Work well underway on first HS2 shaft

22 July 2021

Engineers working on the UK’s new high-speed railway (HS2) have begun excavating the first of five ventilation and emergency access shafts for the 16km-long tunnels being bored under the Chiltern Hills.

Located near the village of Chalfont St Peter, the 67m-deep shaft will be topped with a headhouse inspired by nearby barns and other agricultural buildings to help it blend into the landscape. The structure was designed by HS2 Ltd’s main works contractor Align JV – comprising Bouygues Travaux Publics, Sir Robert McAlpine and VolkerFitzpatrick – working with design partners Jacobs and Ingerop-Rendel, architect Grimshaw and landscape designer LDA. 

Extending down to the twin tunnels, the shaft will have fans and other equipment designed to regulate air quality and temperature, remove smoke in the event of a fire and provide access for emergency services.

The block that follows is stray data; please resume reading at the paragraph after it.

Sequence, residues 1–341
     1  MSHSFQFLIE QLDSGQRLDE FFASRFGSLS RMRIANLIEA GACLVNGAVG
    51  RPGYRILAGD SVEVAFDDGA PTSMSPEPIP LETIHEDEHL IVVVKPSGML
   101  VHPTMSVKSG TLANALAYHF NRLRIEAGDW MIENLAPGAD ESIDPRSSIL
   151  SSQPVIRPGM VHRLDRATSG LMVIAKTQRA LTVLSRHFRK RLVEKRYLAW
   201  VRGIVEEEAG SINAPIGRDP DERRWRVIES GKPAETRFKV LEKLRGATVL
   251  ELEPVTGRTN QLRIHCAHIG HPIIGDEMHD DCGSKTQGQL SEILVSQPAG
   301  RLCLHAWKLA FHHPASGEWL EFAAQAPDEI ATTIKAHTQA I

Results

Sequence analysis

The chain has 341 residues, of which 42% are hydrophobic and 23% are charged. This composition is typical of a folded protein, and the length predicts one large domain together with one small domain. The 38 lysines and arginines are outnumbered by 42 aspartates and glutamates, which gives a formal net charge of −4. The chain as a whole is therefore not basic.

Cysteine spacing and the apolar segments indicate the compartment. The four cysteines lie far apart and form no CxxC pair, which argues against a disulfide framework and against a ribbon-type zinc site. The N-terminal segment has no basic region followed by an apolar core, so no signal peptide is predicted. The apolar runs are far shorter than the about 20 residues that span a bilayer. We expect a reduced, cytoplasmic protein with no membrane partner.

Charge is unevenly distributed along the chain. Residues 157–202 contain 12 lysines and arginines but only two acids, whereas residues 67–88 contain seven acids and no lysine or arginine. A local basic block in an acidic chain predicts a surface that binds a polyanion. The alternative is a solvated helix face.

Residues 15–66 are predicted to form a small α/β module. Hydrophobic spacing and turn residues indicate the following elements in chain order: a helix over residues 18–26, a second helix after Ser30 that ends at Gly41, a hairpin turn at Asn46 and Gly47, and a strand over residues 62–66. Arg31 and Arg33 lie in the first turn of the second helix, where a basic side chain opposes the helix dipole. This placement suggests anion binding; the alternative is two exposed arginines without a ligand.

A total of 16 reinforced-concrete diaphragm wall panels sunk into the chalk form the circular shaft’s perimeter. Bulk excavation of the core was achieved by a clam excavator down to 35m followed by a method using a truck loader, skip and crane to reach the final depth. Around 18,000m3 of material is expected to be excavated from the shaft, with the chalk to be reused for landscaping the site to create a new grassland habitat.

Construction of the Chalfont St Peter shaft follows the recent launch of HS2's first two TBMs - Florence and Cecilia - which are expected to pass through the shaft next year. This will be followed by installation of the internal vent shaft structures, associated equipment and basement works.